It’s 10 p.m., Thursday night, and your assignment is due in two hours. But those two pieces of sourdough bread you ate with dinner haunt your thoughts. After you had one piece, you couldn’t stop yourself from having a second. If you squeeze in a nine-mile run now, you will only have 30 minutes to complete the project.
This pattern of thought may be consistent with that of people with an eating disorder. Eating disorders are mental illnesses characterized by disturbances in eating habits. Two of the most common eating disorders are bulimia and anorexia nervosa. Bulimia nervosa is characterized by consumption of large quantities of food at once, followed by purging – intentionally throwing up, exercising excessively or using laxatives unnecessarily, for example. Anorexia nervosa is characterized by attempts to prevent weight gain through methods such as starvation.
These disorders can take mental and physical tolls on students. An eating disorder can impair a student’s ability to perform in school because it can take up their time and be physically impairing.
Bruins seeking accommodations for a disability must go through the Center for Accessible Education and see a counselor of the Disability Service office, provided they have documentation from a medical specialist. Counselors hear students’ cases, and, if they believe it necessary, work out accommodations on a case-by-case basis.
However, UCLA has no explicit guidelines for what accommodations students with mental illnesses, including eating disorders, would receive. This means it can be difficult for someone with an eating disorder to receive any accommodations.
The university needs to address this oversight and formalize a process for helping students with eating disorders receive the support they need. Without a protocol for accommodating these students, professors have no obligation to grant them exceptions to coursework or exam logistics – further stigmatizing and alienating a very present population on this campus.
Eating disorders can be difficult for students taking classes in which majority of their course grades are often based on two midterms and a final, for example. Many professors create syllabuses stating there are no exceptions or opportunities to make up missed exams. This can make it intimidating for students with eating disorders to come forward and ask their professors for additional help or alternative grading schemes.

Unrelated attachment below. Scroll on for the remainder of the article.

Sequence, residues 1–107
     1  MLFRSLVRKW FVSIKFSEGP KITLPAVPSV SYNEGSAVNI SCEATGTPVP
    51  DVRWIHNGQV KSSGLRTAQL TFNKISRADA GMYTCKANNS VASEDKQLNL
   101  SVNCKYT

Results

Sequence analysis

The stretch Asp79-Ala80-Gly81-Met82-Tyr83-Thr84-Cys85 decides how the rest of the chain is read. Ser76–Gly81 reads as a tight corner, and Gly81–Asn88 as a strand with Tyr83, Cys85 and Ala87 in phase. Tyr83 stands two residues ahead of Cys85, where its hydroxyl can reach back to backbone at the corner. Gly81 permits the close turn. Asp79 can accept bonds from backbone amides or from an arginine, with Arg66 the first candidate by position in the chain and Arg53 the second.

But eating disorders can greatly affect how much time students can put into their studies. Someone with bulimia can potentially spend an hour binging and throwing up, and then two to three hours exercising per episode. This can occur multiple times a day, which means that in addition to having their thoughts consumed by food and calories, they end up spending the majority of their day binging and purging instead of attending class and working on their assignments. The electrolyte imbalance that comes with the purging can also make it difficult for students to focus, let alone go to school.
Eating disorders can also have a physiological impact. Mark DeAntonio, director of UCLA Health’s adolescent inpatient service that treats youths with eating disorders, said brain scans of a patient with anorexia can look like those of an elderly patient in the late stages of Alzheimer’s disease. The brain actually shrinks in more extreme cases of anorexia. DeAntonio added that individuals with anorexia often cannot do schoolwork when the disorder become extreme.
CAE, per its website, cannot provide accommodations that would drastically alter the program of study or lower the academic standards of the course, but it can work with professors to extend deadlines or give students early notice of assignments.
This system, however, doesn’t easily work for students with eating disorders. It can be difficult to gauge the extent to which a student is affected by their eating disorder: They may only have one or two binging and purging episodes one week, while they may binge and purge multiple times a day in another. CAE handles each student on a case-by-case basis, and doesn’t allow for student requests for accommodations to be applied retroactively, meaning students with eating disorders have to proactively ask for help and hope their condition is acknowledged.
Yet, much like with mental health conditions, eating disorders are stigmatized, and lack of recognition by professors – be it in their syllabuses or lectures – can deter students with these issues from coming forward in the first place.
These are important considerations UCLA doesn’t appear to have accounted for. The university needs to change the status quo, such as by requiring professors to include disclaimers about campus services in their syllabus or by changing how CAE provides accommodations for students with psychological conditions – a process that can currently require Bruins to jump through various hoops.
Certainly, finding a protocol for every psychological condition, including eating disorders, can be a difficult process for UCLA. Yet, without a clear protocol for addressing these cases – besides having a student meet with a CAE staffer to determine if they should receive accommodations – the university gives the impression of making arbitrary decisions when it comes to supporting students with disabilities.
Choosing to stay in school or to take a leave of absence can be a difficult decision for students with eating disorders. Some are forced to take a break from school because their disorder grows out of their control. But if a student wants to stay in school for the quarter, they should be able to make that decision and find support from the university.
They shouldn’t, however, be forced to choose between getting a degree and moving past their disabilities.